C. Wright Mills and the Sociological Imagination
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C. Wright Mills and the Sociological Imagination

Contemporary Perspectives

Edited by John Scott and Ann Nilsen

C. Wright Mills is one of the towering figures in contemporary sociology and his writings continue to be of great relevance to the social science community. Generations of sociology students have enjoyed learning about the discipline from reading his best known book The Sociological Imagination. Over the years the title has become a term in itself with a variety of interpretations, many far removed from the original. The chapters in Part One of this book begins with general issues around the nature and significance of the sociological imagination, continue through discussions of modes of theorising and historical explanation, the relationship between history and biography, and the intellectual and political relationship of Mills to Marxism. They conclude with considerations on issues of class, power, and warfare. Part Two of the book includes a series of reflections from scholars who were invited to give personal thoughts on the impact of Mills’s writings in their sociological work, with particular attention to their own ‘biography and history’.
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The sociological imagination and public sociology

John D. Brewer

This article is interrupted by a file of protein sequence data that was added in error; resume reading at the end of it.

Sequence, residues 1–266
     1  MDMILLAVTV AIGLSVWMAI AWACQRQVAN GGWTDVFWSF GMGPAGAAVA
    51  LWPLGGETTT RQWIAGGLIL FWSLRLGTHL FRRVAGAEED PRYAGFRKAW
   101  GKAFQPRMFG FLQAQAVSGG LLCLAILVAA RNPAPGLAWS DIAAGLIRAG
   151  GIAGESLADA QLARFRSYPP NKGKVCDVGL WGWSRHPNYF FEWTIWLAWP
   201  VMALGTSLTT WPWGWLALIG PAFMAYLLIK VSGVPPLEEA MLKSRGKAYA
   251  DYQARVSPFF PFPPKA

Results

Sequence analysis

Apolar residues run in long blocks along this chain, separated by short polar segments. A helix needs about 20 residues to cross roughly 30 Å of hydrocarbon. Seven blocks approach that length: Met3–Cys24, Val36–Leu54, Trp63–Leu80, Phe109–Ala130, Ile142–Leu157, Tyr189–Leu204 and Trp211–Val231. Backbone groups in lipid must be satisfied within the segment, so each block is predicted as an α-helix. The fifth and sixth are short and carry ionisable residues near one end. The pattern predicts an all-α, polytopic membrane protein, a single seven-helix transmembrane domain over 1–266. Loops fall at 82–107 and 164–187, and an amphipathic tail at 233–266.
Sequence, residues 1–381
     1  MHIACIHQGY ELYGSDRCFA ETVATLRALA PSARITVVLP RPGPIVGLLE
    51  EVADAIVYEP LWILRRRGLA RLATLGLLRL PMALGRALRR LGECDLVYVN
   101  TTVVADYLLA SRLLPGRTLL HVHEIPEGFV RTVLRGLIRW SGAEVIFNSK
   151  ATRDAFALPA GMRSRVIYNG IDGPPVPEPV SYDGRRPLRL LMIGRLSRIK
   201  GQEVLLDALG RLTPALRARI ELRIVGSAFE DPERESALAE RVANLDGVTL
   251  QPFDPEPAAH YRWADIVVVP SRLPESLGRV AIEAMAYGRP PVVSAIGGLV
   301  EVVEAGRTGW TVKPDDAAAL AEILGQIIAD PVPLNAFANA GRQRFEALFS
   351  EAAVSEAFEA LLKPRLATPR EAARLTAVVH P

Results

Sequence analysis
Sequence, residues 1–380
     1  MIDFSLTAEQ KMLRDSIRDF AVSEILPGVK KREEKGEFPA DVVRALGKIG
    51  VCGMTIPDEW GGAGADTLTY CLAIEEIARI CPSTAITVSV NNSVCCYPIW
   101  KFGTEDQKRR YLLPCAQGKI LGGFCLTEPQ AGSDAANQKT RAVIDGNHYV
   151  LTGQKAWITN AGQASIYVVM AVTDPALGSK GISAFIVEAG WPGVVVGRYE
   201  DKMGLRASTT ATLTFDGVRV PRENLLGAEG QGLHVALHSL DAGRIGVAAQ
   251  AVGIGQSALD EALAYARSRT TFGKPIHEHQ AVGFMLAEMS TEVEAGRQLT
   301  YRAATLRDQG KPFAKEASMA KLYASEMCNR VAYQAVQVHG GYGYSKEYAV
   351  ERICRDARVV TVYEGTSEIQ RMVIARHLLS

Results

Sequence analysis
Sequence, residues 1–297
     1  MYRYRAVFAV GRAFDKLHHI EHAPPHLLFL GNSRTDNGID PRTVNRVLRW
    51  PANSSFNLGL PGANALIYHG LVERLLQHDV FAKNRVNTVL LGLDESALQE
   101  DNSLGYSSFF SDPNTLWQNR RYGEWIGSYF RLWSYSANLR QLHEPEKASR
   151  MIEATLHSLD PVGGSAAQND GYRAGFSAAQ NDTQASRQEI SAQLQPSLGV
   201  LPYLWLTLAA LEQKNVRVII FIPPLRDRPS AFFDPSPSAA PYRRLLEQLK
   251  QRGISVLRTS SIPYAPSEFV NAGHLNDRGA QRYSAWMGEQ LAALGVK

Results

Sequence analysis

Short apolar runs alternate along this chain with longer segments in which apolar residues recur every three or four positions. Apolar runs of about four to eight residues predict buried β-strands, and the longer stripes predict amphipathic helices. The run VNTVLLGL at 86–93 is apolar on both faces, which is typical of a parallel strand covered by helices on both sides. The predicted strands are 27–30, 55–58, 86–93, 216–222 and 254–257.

I first encountered Charles Wright Mills’s work in 1968 when I entered a further-education college in order to study A level sociology, which was then not available in traditional schools, and he has been the star by which I have since plotted my entire sociological career. I believe that sociology has a distinct imagination, in which it explores the intersections between individual lives, social structure, history, and politics. I believe there are no issues that cannot be approached in this way, although this is not to say that sociology always asks the most important questions about them, for despite my strong disciplinary identity, I am not a sociological aggrandizer. Like Mills, I see sociology as an inherently multidisciplinary subject, the least closed and the most open of disciplines. In this respect I am persuaded by his informative second footnote in the first chapter of The Sociological Imagination, where he describes sociology in terms that identify its interdisciplinary character. The working title for the book throughout his letters was ‘The Social Studies’, which I would have much preferred. And I subscribe to the same vision of sociology as Mills, that it has an essentially political task to try to make a difference to, and where possible, improve the lives of ordinary men and women. But all this only makes me more deeply aware of the paradox of the man: his view of sociology fits the mood of our epoch for engagement, for a form of public social science that addresses the real world problems facing twenty-first-century society

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